[livejournal.com profile] scarfman provided this:

*<*div align="center"*>**<*a href="http://tinyurl.com/3gag6m"*>**<*img src="http://www.the-principle.net/images/freedom-of-religion.gif"*>**<*/a*>**<*/div*>*

Copy the code above and remove all the asterisks to link to the image.



athelind: (Default)


I know posting something like this on my blog is largely preaching to the choir, but I wanted to pass it on anyway.

athelind: (Default)
My daily perusal of BoingBoing exposes me to a wide range of "wonderful things" -- and, occasionally, the horrific as well. On a rare occasion, something I find there will drive me to delight and elation -- and others, to tears of indignant outrage.

This is not an example of the former.

This evening, the monotone maw of Ben Stein, star of stage, screen, and Nixon speechwriting, graced us with the following:

When we just saw that man, I think it was Mr. Myers [biologist P.Z. Myers], talking about how great scientists were, I was thinking to myself the last time any of my relatives saw scientists telling them what to do they were telling them to go to the showers to get gassed … that was horrifying beyond words, and that’s where science — in my opinion, this is just an opinion — that’s where science leads you.


Mr. Stein, I will not attempt a rebuttal. I have no need to do so. Thirty-five years ago, Jacob Bronowski said everything that need be said in his magnum opus, The Ascent of Man, in a scene filmed on the site of those very atrocities you evoke so wryly, as the ashy remains of his own family members and yours flowed through his fingers:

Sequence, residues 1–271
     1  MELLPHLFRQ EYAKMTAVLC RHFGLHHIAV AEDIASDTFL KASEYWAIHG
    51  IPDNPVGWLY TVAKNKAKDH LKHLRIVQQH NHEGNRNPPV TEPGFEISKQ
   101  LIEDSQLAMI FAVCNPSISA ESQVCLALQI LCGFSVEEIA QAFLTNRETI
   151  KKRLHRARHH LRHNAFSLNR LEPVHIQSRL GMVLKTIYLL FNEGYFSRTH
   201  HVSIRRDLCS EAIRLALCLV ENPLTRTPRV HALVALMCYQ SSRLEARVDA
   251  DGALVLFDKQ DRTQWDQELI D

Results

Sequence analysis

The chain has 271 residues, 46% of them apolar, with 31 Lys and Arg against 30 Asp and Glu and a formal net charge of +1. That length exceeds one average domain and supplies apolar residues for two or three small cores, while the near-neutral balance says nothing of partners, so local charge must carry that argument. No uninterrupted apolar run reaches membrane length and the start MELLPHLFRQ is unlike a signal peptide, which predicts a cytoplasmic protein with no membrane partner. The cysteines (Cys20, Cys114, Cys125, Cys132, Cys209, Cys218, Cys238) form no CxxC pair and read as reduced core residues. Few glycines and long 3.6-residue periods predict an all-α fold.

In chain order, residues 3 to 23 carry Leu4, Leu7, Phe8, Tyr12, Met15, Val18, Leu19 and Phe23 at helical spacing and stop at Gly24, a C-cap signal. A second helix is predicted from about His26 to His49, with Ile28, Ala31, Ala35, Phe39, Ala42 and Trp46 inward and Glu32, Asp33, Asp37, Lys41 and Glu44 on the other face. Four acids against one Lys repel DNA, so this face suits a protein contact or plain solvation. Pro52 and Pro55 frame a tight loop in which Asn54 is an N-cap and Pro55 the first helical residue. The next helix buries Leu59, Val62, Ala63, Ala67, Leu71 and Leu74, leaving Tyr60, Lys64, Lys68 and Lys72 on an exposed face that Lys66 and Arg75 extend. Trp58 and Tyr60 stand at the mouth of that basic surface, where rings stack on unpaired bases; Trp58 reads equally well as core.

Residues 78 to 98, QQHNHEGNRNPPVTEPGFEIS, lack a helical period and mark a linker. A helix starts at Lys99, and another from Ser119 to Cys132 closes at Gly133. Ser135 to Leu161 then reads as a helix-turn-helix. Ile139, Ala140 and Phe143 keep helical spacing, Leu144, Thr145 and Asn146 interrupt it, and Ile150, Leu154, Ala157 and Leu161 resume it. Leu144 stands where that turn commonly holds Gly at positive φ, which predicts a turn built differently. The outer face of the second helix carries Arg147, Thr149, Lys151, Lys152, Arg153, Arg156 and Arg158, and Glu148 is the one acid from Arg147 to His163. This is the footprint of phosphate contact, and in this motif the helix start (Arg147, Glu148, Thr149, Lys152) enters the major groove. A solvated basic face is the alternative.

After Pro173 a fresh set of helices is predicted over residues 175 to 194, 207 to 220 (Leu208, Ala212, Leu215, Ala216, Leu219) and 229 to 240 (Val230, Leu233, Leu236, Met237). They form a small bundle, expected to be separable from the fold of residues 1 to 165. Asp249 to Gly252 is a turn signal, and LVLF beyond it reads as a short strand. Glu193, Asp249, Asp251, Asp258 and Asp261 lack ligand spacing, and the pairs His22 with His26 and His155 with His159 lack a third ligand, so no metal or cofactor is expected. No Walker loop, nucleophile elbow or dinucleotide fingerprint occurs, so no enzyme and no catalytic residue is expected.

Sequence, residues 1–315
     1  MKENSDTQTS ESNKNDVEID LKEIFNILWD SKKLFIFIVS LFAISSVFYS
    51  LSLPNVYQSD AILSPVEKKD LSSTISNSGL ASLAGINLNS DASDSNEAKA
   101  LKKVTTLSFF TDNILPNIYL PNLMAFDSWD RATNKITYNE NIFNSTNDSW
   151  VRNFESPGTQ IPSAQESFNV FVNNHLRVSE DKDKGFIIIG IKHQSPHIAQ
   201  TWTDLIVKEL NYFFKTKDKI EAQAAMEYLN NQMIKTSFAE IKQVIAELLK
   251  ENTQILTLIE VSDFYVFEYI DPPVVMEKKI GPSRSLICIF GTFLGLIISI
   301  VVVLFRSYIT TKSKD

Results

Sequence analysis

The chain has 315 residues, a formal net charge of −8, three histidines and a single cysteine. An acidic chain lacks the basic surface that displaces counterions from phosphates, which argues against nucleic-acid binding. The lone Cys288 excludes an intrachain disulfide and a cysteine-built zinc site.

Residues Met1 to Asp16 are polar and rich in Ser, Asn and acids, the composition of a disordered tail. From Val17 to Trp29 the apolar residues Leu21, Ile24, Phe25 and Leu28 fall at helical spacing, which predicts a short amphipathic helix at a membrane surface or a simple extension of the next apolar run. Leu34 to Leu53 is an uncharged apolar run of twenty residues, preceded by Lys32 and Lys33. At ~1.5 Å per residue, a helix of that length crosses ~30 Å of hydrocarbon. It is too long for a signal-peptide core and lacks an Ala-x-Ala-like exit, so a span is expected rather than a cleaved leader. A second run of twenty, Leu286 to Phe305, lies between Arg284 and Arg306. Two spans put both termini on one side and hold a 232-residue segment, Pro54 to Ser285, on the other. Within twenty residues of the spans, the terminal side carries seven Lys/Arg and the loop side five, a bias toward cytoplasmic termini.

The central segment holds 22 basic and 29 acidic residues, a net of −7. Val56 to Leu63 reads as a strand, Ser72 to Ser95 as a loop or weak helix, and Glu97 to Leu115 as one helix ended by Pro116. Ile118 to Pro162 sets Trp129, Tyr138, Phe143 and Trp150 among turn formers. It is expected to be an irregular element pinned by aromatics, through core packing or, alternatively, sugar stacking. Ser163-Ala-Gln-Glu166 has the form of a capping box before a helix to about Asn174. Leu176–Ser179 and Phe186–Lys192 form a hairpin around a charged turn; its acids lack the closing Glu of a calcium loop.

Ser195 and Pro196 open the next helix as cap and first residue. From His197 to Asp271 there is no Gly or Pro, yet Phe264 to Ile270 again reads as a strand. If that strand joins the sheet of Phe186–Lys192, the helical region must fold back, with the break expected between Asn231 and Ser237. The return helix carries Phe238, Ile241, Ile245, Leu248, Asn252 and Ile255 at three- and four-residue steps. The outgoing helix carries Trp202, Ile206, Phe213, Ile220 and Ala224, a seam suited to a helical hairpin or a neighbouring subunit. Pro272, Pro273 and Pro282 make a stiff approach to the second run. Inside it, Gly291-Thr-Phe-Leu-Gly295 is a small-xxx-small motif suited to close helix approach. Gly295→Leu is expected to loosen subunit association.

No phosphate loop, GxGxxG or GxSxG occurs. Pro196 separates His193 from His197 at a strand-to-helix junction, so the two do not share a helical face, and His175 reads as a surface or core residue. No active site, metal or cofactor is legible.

It is said that science will dehumanise people and turn them into numbers. This is false, tragically false. Look for yourself. This is the concentration camp and crematorium at Auschwitz. This is where people were turned into numbers. Into this pond were flushed the ashed of some four million people. And that was not done by gas. It was done by arrogance. It was done by dogma. It was done by ignorance. When people believe that they have absolute knowledge, with no test in reality, this is how they behave. This is what men do when they aspire to the knowledge of gods.

Science is a very human form of knowledge. We are always at the brink of the known, we always feel forward for what is to be hoped. Every judgment in science stands on the edge of error, and is personal. Science is a tribute to what we can know although we are fallible. In the end the words were said by Oliver Cromwell: 'I beseech you, in the bowels of Christ, think it possible that you may be mistaken.'

I owe it as a scientist to my friend Leo Szilard, I owe it as a human being to the many members of my family who died at Auschwitz, to stand here by the pond as a survivor and a witness. We have to cure ourselves of the itch for absolute knowledge and power. We have to close the distance between the push-button order and the human act. We have to touch people.


Which of us, Mr. Stein, claims to know the Mind of God?
athelind: (Default)
In a comment thread in another journal, someone asked just what version of their holy texts Christian Fundamentalists considered... "fundamental".

To understand Fundamentalism, one must first understand the meaning and the etymology of the word "fundament":

fun·da·ment: n.

    1. The buttocks.
    2. The anus.

      [Middle English foundement, from Old French fondement, from Latin fundamentum, from fundare, to lay the foundation, from fundus, bottom.]


In other words, a "Fundamentalist" is one who pulls their religious beliefs out of their ass.

And now you know.

And knowing is half the battle.